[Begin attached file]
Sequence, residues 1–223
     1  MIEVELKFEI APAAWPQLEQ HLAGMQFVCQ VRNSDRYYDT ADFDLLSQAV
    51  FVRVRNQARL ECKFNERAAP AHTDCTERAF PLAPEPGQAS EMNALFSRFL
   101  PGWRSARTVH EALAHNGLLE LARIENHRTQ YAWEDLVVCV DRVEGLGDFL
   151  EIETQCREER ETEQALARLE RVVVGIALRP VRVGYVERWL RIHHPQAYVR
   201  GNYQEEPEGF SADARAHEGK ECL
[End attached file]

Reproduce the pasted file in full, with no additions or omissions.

Sequence, residues 1–223
     1  MIEVELKFEI APAAWPQLEQ HLAGMQFVCQ VRNSDRYYDT ADFDLLSQAV
    51  FVRVRNQARL ECKFNERAAP AHTDCTERAF PLAPEPGQAS EMNALFSRFL
   101  PGWRSARTVH EALAHNGLLE LARIENHRTQ YAWEDLVVCV DRVEGLGDFL
   151  EIETQCREER ETEQALARLE RVVVGIALRP VRVGYVERWL RIHHPQAYVR
   201  GNYQEEPEGF SADARAHEGK ECL